“We realized we were fighting over nothing. We agreed as elders to first reconcile amongst ourselves before trying to end the conflict. It became clear that there was no reason to kill each other, and we could amicably resolve the conflict through dialogue,” says Mr. Hassan of the Habargidir sub-clan.
In March 2017, the federal Ministry of Interior supported a more formal reconciliation initiative, meant to continue the dialogue and bring consensus. Habargidir and Biyomaal sub-clan elders, commanders and peace activists met at a Mogadishu hotel to find together ways to put an end to the hostilities.
“We agreed on three resolutions: a cessation of hostilities, the holding of a more inclusive peace conference in Marka with support of the federal Government and international partners, and integrating the sub-clan militias into the government forces,” Mr. Ibrahim recalls.
Negotiations and talks
What followed was a months-long process of negotiations and arduous talks among like-minded elders, politicians, women and youth peace activists, and traders from both sub-clans.
It culminated with the Biyomaal and Habargidir, who had waged war against each other for almost a decade, burying the hatchet and actively deciding to live peacefully. On 26 March 2018, the dialogue process was concluded with a peace agreement, signed by elders from both sub-clans and backed by authorities from the Federal Government of Somalia and South West State, the United Nations and the international community.
The residents of Marka are now enjoying the dividends of peace. Life is back to normal: schools are open, business is booming, and people continue to return to the town. The city regained its status of one of Somalia’s most peaceful, thriving communities – and has served as an example that peace can be shaped by like-minded people, through dialogue.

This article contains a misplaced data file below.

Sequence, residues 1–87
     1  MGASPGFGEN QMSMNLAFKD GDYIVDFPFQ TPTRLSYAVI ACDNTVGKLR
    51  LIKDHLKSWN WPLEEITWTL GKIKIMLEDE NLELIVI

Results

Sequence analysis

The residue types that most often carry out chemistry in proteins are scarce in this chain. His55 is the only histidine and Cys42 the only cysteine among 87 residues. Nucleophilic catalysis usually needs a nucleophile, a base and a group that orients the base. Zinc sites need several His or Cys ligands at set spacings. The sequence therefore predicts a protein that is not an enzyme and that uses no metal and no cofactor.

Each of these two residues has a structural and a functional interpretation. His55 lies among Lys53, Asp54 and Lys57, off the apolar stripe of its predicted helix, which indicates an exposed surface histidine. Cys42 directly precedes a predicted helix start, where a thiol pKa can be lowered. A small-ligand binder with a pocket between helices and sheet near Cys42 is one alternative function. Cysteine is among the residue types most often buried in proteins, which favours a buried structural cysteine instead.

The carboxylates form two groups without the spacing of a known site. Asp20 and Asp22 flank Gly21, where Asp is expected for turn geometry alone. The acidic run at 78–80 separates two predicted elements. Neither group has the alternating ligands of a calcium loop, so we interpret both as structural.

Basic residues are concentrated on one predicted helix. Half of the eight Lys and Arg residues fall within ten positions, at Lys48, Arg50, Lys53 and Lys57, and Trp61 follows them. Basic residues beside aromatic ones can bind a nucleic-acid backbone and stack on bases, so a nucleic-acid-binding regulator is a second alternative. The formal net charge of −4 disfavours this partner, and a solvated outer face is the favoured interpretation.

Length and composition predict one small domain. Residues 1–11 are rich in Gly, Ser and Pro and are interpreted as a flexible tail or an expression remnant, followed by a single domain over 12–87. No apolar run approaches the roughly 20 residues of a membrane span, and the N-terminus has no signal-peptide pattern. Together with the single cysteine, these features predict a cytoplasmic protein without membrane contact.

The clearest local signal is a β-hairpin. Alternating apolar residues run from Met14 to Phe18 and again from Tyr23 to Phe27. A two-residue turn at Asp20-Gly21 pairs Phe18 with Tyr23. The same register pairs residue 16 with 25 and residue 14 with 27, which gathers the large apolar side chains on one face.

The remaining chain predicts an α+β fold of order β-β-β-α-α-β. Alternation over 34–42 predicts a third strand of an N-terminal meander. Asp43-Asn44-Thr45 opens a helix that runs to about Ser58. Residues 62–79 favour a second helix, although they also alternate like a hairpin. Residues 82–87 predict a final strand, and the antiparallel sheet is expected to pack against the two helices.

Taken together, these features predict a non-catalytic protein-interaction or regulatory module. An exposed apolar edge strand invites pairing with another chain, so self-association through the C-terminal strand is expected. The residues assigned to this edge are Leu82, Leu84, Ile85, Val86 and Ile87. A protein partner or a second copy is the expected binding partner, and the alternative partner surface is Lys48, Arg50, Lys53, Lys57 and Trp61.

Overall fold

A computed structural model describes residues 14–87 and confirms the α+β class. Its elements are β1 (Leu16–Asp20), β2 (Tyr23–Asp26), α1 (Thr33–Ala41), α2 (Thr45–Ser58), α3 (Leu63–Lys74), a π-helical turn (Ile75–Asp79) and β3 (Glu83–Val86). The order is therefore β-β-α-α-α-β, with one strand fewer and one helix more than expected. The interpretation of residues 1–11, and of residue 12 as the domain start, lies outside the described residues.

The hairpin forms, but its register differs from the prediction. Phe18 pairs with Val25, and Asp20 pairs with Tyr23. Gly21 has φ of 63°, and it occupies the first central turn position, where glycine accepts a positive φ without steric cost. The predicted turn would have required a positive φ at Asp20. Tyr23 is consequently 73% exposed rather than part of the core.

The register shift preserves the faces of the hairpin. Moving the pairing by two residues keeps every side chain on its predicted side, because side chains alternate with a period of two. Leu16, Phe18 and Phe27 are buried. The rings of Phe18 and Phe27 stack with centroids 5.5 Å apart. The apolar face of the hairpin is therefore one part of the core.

“We reached a sweet peace deal in the Lower Shabelle region. Today, you will not hear the sound of a bullet being fired or see sub-clans fighting,” says Ms. Mohamed, the peace activist. “The people who fought against each other now live together, eating from the same plate.”
International Day of Peace
Each year the International Day of Peace is observed around the world on 21 September. In 1981, the UN General Assembly has declared this as a day devoted to strengthening the ideals of peace, through observing 24 hours of non-violence and cease-fire. The 2020 theme for the International Day of Peace is ‘Shaping Peace Together.’
In his message for the Day, UN Secretary-General António Guterres called for warring parties everywhere to lay down their weapons and work for harmony, adding: “As the COVID-19 pandemic continues to ravage the world, this call is more important than ever… Our world faces a common enemy: a deadly virus that is causing immense suffering, destroying livelihoods, contributing to international tensions and exacerbating already formidable peace and security challenges.”